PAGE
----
- The Washington Times - Monday, September 22, 2008

No one would have blamed the folks at FedEx Field for piping in Bachman Turner Overdrive’s classic rock hit Sunday afternoon.

Though overplayed, “Taking Care of Business” is exactly what the Redskins have done the last two Sundays.

After a listless, season-opening road loss to the defending champion New York Giants, the home games against the New Orleans Saints and Arizona Cardinals loomed as must-wins if the Redskins had serious intentions of a second-consecutive playoff berth.

That prospect did not look realistic when they trailed by nine points and had second-and-22 at their own 6 in the fourth quarter against the Saints. Nor did it seem reasonable when they punted the ball back to the Cardinals to start the fourth quarter having allowed 17 of the last 24 points.

But Jim Zorn’s Redskins have won the final 15 minutes of the last two games 21-7.

With their other NFC East road tests on tap the next two weeks - at Super Bowl favorite Dallas and powerful Philadelphia - losses to the Saints and/or Cardinals would have left the Redskins in a deep hole no matter how many Rams and Lions remain on the schedule.

Instead, the 29-24 comeback victory over New Orleans and the 24-17 survival of Arizona gave Washington a winning record, a winning streak and confidence heading into the toughest fortnight of 2008.

“To get momentum behind us going into the big game next Sunday is really big,” center Casey Rabach said. “We’ve got two tough games coming up that we’re going have to fight and scratch and claw for.”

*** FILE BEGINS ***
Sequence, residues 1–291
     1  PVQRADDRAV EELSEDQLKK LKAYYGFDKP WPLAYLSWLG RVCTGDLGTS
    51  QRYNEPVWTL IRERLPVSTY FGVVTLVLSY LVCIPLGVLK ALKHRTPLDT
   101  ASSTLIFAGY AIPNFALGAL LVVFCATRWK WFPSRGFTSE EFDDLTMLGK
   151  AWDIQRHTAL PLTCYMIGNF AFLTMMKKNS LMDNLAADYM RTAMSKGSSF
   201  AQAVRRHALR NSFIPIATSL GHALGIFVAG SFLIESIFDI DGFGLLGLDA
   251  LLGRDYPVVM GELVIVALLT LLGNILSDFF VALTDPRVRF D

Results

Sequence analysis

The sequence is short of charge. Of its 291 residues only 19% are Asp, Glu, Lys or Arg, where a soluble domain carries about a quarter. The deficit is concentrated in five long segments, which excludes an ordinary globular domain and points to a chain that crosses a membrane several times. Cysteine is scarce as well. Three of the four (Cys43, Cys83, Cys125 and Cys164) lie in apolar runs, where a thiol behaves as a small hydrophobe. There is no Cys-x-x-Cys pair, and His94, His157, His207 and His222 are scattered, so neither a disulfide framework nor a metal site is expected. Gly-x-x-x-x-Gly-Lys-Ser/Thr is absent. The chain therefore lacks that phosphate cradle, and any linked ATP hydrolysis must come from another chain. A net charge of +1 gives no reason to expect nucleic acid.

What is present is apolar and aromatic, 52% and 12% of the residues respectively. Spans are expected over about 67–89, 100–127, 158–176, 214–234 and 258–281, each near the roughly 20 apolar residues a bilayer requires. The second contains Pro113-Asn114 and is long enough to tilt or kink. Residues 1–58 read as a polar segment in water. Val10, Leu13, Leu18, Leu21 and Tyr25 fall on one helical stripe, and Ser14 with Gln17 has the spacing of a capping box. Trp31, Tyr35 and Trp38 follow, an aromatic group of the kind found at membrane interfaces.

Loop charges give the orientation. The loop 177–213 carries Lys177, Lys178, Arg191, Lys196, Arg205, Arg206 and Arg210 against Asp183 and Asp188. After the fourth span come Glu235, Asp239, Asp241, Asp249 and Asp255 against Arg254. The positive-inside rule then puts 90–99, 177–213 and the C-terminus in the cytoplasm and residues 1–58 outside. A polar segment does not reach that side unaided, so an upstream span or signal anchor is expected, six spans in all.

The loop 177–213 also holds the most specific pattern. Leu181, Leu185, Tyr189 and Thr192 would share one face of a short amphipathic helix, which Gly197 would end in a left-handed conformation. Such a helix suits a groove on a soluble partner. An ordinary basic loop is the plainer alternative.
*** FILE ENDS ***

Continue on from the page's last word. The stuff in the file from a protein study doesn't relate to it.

The feeling was mutual on the other side of the ball.

“You always gotta take of your house,” defensive tackle Cornelius Griffin said. “[Arizona] was a good team. They can really throw the ball. We stayed together [after losing an early 10-0 lead], and the fourth quarter went our way. Dallas is playing with great confidence and a little swagger. They’re a very talented team. They have a lot of athletes, but we do as well.”

The Redskins can hope the Cowboys will be a little spent after last Monday’s wild, comeback triumph over the Eagles and Sunday night’s visit to Lambeau Field. But the Mark Brunell-to-Santana Moss double-dip finish in 2005 is the only time any of these players have left Texas Stadium with a win. Washington is 1-11 in its last 12 games (9-27 overall) at Dallas.

“We’re confident, but we’re not complacent,” Rabach said. “The Cowboys have a lot of weapons on offense so we know we’re going to have to put some points on the board.”

Indeed, if Dallas won at Green Bay on Sunday night, the NFC East would remain undefeated against the rest of the league, bolstering its reputation as the NFL’s best division. The Redskins were the consensus pick as the worst of the best, but they remain in the mix after the victories over two NFC teams, which will be tiebreakers come playoff calculation time.

Zorn has yet to take part in a Redskins-Cowboys rivalry game - or a Redskins-Eagles slugfest for that matter. But the rookie coach has a pretty good idea of what’s coming.

“I can understand what the Cowboys bring up because of my history with the Raiders [as a quarterback with Seattle],” Zorn said. “We just had to beat them. I believe we’re confident because we’ve won two games, but I’m sure the big headline will be ‘Can they win on the road?’ because we lost our first [road] game.”

That headline’s for next weekend, Coach.

For Monday, the headline should be along the lines of taking care of business because no matter what happens the next two weeks, the Redskins still will be in the race on Columbus Day. That already puts Zorn ahead of what Joe Gibbs (both versions), Richie Petitbon, Norv Turner and Marty Schottenheimer did in their first years in Washington.

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